As we arrive at the end of the first week of the new school year, it seems fitting to share with our students, families and staff a few thoughts that are good for inspiring the heart, drawn from the legacy of the great saint whose memory we keep today in the Church: Abba Poemen of the Egyptian desert (one of the 'Desert Fathers'), who reposed in the Lord in AD 450 at the venerable age of 110 years.
As one of the most-loved of all the elders by their own community in the desert, the early monks collected many sayings of St Poemen. Among these are some true pearls of wisdom for the spiritual life.
With respect to judgement and our relationship to our brethren, the saint often spoke.
'One one occasion, the saint said, "It may be that a man seems to be silent; but if in his heart he judges others, then he is always speaking. But there are also those who all the day long speak with their tongues, but within themselves they keep true silence, for they judge no one."'
He was also clear on the need to act in love, not in reproach:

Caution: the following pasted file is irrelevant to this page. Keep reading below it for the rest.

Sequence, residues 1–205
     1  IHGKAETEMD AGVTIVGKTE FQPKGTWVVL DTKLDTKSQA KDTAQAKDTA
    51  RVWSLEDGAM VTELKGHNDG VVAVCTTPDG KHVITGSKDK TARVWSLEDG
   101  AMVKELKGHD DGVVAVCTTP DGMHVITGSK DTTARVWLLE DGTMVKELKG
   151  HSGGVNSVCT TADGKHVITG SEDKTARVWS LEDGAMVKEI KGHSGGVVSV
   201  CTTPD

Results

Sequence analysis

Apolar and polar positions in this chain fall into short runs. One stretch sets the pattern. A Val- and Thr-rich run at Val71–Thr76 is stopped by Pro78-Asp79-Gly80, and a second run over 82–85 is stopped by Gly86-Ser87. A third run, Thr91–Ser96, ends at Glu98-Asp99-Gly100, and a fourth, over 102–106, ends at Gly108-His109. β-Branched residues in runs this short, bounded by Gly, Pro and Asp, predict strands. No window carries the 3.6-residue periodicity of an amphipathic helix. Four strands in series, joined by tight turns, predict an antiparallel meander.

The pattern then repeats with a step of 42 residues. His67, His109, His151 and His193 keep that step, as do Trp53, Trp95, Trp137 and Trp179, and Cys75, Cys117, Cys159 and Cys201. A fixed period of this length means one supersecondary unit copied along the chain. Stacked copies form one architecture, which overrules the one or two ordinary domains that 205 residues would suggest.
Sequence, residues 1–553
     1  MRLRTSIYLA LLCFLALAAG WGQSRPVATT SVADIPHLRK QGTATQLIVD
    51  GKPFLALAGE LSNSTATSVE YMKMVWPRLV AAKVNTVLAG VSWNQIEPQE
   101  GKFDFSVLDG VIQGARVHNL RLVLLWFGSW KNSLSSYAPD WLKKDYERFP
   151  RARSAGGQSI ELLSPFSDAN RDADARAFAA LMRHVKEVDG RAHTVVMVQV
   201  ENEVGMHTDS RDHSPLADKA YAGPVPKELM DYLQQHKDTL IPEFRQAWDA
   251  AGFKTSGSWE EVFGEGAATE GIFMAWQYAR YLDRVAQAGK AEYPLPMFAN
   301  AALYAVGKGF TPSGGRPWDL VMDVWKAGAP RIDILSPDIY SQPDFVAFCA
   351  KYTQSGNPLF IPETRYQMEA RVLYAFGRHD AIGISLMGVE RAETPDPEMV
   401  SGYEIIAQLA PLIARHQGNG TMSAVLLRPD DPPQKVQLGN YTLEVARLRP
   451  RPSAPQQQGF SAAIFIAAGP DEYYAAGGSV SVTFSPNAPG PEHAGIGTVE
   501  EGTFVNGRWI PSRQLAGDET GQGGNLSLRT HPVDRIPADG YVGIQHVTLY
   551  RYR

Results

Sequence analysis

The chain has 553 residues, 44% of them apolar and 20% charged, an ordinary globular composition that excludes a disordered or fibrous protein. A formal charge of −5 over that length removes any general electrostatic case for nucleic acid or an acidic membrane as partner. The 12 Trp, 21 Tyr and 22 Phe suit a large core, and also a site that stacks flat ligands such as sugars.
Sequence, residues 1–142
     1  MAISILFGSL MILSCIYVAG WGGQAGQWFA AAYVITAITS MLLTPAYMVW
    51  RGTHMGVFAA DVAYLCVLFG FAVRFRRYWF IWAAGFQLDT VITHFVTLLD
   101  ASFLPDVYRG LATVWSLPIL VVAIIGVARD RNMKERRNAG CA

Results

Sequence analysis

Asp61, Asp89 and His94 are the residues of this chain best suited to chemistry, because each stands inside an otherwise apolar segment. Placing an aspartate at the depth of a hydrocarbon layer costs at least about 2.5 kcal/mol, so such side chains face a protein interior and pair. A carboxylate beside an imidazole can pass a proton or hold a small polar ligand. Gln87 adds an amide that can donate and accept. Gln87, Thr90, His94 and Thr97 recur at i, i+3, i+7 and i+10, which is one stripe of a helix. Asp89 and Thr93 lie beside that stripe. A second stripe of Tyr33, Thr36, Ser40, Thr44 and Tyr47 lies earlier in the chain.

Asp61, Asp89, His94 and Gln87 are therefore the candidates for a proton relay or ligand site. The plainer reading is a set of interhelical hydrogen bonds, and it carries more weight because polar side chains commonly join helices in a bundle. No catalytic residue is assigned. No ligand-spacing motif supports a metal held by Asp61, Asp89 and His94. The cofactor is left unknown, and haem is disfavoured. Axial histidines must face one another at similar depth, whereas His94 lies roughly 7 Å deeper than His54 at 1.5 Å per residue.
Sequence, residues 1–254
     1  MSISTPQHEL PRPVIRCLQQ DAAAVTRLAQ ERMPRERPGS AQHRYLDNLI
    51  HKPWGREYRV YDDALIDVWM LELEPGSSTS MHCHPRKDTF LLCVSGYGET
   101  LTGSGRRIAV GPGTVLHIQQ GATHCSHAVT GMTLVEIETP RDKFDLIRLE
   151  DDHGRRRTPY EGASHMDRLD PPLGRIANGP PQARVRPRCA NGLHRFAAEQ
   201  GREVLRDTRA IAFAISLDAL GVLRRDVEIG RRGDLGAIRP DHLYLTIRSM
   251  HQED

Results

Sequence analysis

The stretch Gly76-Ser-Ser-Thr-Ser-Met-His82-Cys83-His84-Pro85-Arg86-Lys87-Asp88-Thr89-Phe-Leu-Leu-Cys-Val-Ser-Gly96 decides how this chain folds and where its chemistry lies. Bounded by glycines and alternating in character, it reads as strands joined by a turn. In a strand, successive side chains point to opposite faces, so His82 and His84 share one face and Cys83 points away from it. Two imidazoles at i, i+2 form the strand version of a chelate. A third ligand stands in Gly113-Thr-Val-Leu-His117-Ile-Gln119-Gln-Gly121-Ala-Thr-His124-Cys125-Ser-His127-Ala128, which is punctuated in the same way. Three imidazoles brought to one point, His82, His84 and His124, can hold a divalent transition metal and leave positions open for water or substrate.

'A certain monk asked Abba Poemen, "Should a man veil over with silence the sin of a transgressing brother, if perchance one should see him?" The elder answered: "If we reproach the sins of our brothers, then God will reproach our sins; and if you see a brother sinning, believe not your own eyes and know that your own sin is like a wood-beam, but the sin of your bother is like a mere splinter -- and then you will not come into stress and temptation."'
Even so, Abba Poemen knew that repentance has a power given by God:
'A certain monk turned to the saint, saying, "I have grievously sinned and I want to spend three years at repentance. Is such a length of time sufficient?" Abba Poemen answered, "That is a long time." The monk continued to ask how long a period of repentance the saint reckoned was necessary for him -- a year? Forty days? The elder at last answered, "I think that if a man repents from the depths of his heart, and posits a firm intent to return no more to the sin, then God would accept even a three-day repentance."'
And in all things, it is whether we do what we do for God, or not, that gives it its value:
'To the question, "Is it better to speak or to be silent?" the elder said, "Whoever speaks on account of God, does well; and whoever is silent on account of God, does well."'
May these beautiful thoughts encourage your hearts as we conclude this first week at St John's, and look forward to the remainder of a wonderful new year.
INXC, Archimandrite Irenei